Returning Mourinho can provide Chelsea with 'holistic' approach



There is nothing to stop him returning to London now. Real Madrid have washed their hands of Jose Mourinho, giving up their claim to a huge compensation package. Chelsea need a new manager, Mourinho needs to be loved and nature will duly take its course. But the restoration of the Special One should not be seen as the end of the process of recovery at Stamford Bridge. If Chelsea are to return to top of the table, they need to do more. 

You know what they really need to do? They need to develop a holistic approach to all aspects of football at the club. Good old City. Chelsea provided them with an example, and not always a good one, of how to conduct themselves in their newly enriched circumstances. Now, thanks to the novel approach of their press office during the sacking of Roberto Mancini, City have returned the favour. Holism is the way forward.

The term has been widely mocked by the UK press and understandably so. The word ‘holistic’ makes you think of candles, pebbles and CDs of whale song. But while City’s phrasing might have been a little naïve, there’s nothing wrong with the sentiment. Why wouldn’t you want every aspect of your football club to be working towards the same end?  To run a multi-million pound business as compartmentalised chaos is just reckless. 

Chelsea’ Europa League victory last week showcased once again their extraordinary mental strength. For all that you can say about the Blues, and some people say some very mean things indeed, you cannot question their indefatigability. They never seem to know when they’re beaten, even when they’re having their pants pulled down by a rampant Benfica team. They don’t panic, they don’t buckle, they don’t falter. They just breathe deeply and return fire. Mourinho created that mentality, he instilled it in the key players and they’ve carried it forward, demanding it from their new team-mates. That extraordinary spirit won Chelsea the Champions League in 2012, but if the Blues are to dominate European football, they need more to their game than resolve. The club needs a holistic approach.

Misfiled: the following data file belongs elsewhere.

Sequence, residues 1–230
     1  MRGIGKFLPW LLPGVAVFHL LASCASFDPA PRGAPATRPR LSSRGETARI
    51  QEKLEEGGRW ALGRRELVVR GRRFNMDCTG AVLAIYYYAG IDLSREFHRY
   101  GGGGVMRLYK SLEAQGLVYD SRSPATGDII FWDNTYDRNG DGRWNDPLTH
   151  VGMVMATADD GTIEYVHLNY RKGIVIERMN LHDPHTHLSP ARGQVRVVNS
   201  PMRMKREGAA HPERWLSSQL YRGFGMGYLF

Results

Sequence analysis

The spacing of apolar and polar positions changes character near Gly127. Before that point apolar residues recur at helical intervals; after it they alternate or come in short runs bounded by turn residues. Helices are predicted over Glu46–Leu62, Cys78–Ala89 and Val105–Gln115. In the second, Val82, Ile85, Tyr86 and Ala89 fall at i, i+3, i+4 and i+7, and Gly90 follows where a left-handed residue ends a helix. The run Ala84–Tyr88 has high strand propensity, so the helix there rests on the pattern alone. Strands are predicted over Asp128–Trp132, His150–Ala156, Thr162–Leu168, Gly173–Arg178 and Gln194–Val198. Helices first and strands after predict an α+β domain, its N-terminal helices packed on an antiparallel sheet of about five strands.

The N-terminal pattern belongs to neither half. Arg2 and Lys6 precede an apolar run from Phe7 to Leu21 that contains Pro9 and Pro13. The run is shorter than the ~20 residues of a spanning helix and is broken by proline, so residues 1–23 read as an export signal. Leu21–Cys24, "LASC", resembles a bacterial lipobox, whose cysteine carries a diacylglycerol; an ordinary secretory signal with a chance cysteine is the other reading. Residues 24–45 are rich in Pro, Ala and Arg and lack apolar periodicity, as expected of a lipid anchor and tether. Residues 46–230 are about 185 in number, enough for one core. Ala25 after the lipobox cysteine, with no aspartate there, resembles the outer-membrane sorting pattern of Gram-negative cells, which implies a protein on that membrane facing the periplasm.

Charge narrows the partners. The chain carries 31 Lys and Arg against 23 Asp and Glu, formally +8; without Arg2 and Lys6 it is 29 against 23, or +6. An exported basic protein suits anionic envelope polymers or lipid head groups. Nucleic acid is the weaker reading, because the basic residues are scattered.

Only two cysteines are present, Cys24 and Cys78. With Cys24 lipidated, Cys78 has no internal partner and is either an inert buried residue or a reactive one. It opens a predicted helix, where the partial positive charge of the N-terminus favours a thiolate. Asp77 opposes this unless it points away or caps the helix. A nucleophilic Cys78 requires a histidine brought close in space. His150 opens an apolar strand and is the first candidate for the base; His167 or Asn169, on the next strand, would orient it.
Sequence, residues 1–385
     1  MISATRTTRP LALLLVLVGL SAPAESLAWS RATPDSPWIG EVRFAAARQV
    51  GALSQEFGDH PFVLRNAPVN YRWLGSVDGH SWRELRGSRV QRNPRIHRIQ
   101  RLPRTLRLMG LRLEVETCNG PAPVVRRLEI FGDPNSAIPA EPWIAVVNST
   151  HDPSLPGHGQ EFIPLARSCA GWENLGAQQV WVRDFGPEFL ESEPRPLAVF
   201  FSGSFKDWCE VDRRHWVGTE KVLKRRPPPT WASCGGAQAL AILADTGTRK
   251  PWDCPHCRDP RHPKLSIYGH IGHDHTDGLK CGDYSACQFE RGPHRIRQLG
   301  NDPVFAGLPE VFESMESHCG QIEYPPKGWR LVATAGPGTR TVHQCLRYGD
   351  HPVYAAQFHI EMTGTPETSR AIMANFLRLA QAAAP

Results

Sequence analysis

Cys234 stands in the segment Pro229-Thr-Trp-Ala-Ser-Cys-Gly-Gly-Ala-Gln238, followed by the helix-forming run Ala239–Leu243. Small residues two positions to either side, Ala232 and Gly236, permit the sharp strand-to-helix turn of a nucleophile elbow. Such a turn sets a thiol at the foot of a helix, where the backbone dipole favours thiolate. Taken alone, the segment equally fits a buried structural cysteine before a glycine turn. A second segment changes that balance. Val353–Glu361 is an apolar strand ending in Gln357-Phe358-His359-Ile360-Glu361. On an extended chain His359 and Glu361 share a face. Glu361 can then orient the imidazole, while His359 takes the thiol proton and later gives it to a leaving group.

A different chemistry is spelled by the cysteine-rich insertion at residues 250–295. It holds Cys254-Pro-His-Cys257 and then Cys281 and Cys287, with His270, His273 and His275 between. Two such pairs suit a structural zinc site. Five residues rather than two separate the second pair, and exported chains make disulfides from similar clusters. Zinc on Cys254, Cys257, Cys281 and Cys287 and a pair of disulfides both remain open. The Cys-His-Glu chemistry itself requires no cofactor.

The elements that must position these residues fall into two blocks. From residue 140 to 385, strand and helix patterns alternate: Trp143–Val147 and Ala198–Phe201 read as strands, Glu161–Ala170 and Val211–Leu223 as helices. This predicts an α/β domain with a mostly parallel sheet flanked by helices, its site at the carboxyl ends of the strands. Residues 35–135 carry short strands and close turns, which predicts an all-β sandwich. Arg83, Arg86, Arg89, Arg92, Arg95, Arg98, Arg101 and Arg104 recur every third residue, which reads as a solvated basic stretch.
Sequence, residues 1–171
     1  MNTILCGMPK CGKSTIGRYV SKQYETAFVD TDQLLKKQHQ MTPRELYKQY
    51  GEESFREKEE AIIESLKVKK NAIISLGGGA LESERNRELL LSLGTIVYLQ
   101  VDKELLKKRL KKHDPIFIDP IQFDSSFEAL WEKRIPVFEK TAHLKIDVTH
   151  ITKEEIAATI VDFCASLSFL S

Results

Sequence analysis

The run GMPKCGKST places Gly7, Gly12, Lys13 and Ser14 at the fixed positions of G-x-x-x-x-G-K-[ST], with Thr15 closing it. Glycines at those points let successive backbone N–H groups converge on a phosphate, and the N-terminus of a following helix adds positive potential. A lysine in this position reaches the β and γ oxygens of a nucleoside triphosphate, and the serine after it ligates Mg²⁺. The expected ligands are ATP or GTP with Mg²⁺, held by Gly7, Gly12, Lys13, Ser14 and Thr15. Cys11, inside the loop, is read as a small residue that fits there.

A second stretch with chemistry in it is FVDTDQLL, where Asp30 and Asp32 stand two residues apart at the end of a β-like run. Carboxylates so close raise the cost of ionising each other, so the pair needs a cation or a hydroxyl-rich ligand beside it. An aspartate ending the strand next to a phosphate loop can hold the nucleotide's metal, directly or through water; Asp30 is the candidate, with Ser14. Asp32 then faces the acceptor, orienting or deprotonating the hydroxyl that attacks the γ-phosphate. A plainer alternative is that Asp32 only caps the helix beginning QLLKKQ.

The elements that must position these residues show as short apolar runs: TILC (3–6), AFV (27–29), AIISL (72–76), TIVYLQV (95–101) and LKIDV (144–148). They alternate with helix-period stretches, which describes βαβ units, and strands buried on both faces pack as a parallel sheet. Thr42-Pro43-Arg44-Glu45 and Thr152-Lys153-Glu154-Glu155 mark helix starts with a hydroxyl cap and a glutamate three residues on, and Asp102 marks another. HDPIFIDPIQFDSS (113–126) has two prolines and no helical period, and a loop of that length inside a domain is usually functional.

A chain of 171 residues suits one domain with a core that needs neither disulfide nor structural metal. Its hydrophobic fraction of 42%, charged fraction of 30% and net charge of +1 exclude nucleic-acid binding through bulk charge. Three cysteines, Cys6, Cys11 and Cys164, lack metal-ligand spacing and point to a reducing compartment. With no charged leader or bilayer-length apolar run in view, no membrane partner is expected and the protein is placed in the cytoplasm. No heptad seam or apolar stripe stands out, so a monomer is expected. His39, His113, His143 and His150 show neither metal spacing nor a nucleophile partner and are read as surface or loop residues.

Without a holistic approach, Chelsea have squandered their financial advantage. They’ve spent millions on talented teenagers, snapping up 15 year olds for seven figure sums.  But the knowledge that second place is a sackable offence has kept any manager from taking a chance on youth. Those expensively recruited children have been left to stagnate, farmed out to the lower leagues before being released into the void. Almost ten years after Roman Abramovich’s dysfunctional rule began, the only youth team products in the first team squad are Ryan Bertrand and… erm… John Terry.

Without a holistic approach, Chelsea respond to every setback by sacking the manager and spending even more money buying his successor new players. It is Abramovich’s money to waste, but there are cheaper ways of entertaining yourself in London. Since Mourinho left, they’ve won just a single league title. Imagine what they might have achieved with any kind of continuity. 

It’s one thing to lure Mourinho back, but he has to be supported by the club. He has to be given time to rebuild the squad. If Michael Emenalo is to remain as Director of Football, he has to work in tandem with the coach, and not simply fortify his own position at Abramovich’s ear. Just for once, the nest of vipers in the boardroom need to unify and push the club forward, working together for the same aim.

A holistic Chelsea with Mourinho at the helm is a terrifying prospect. But somehow, you get the impression that very little will change at Stamford Bridge this summer.

Read more from the marvellous Iain Macintosh